Mitchell Johnson and Peter Siddle claimed four and three wickets respectively as Australia wrapped up the first Test against South Africa at the Wanderers with a comfortable 162 run victory just after tea on day five. The home side had come into the final day confident of at least saving the game, but the tourists' ability to strike at regular intervals proved decisive as Graeme Smith's team were bundled out for 291 in pursuit of a record 454. Hashim Amla (57) and Jacques Kallis (45) were the only two batsmen to put up any real resistance today, and the dismissal of the Proteas' number three followed by that of AB de Villiers ended any hope of a draw, let alone victory.
In the end Johnson's three wickets on the final day, coupled with good support from the rest of his attack, helped Ricky Ponting's team move 1-0 up in the three-Test series. The hosts began the day well enough with the score at 178 for two as Amla and Kallis looked comfortable through the opening hour when they brought up the 50 partnership from the first delivery of the day. The Proteas' number three then reached his half-century in 103 balls when he capitalised on a Johnson half volley and drove him through the covers for four.
But seven runs later he perished when attempting to flick Siddle through the leg side his failure to keep the ball down proved his undoing as Phillip Hughes gathered a simple catch at short square-leg. De Villiers was next to follow when Billy Bowden sent him on his way after being trapped leg before wicket by Andrew McDonald for three. The batsman was not convinced though and asked for a referral, but his fate was confirmed by the TV umpire Asad Rauf, who eliminated any doubt the bowl was sliding down leg side. The new ball, which was expected to be crucial on the final day, was taken as soon as it became available and Johnson almost struck with the first delivery when Kallis was trapped low on his pads and given out leg before by Bowden.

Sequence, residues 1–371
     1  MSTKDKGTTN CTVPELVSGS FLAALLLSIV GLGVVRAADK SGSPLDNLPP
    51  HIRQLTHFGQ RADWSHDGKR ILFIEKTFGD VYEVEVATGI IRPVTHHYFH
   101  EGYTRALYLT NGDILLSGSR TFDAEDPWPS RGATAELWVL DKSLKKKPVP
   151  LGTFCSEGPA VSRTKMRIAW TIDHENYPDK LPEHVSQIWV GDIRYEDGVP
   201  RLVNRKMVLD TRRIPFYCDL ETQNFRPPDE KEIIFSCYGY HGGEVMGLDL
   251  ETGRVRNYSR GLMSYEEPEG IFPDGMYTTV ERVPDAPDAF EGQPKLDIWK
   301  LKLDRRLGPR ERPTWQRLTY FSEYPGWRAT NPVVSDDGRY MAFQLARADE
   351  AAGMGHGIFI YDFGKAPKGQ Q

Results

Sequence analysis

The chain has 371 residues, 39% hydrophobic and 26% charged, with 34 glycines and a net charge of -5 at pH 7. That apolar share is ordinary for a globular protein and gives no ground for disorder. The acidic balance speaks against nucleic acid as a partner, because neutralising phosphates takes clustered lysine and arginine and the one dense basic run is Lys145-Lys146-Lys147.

Kallis also opted to go upstairs this time the decision proving a correct one as Rauf decided that ball pitched outside the line and reversed the initial call by the on-field umpire. But Kallis only lasted until Johnson's next over when he tried to drive a fuller delivery and instead succeeded in playing on for 45 as South Africa slumped to 247 for five at lunch. After the break JP Duminy was first to go when his attempts to fend off a Siddle bouncer saw the ball float easily to Ponting at second slip for 29. That ended a 39 run stand with Mark Boucher, who continued his resistance with Morne Morkel, but the latter threw his wicket away cheaply with an attempted pull shot off Mitchell Johnson that only flew high to Phillip Hughes at mid-on for two. The wicketkeeper Boucher was next to follow, this time off a fine Ben Hilfenhaus delivery that cut back off the pitch and cleaned up the stumps as Australia closed in on victory, which came eight deliveries after tea. Paul Harris was first to go, when he was caught at short-leg by Simon Katich off Siddle for eight, before Johnson bowled Dale Steyn for six to seal the win. The Australian strike bowler, who was the pick of the bowlers in the second innings with four for 114, was named man-of-the-match for his eight-wicket haul in the game, while he also made 96 not out with the bat. Siddle claimed three for 46 in the second innings, while Hilfenhaus picked up two for 68. The next Test begins in Durban on Friday. *PA Sport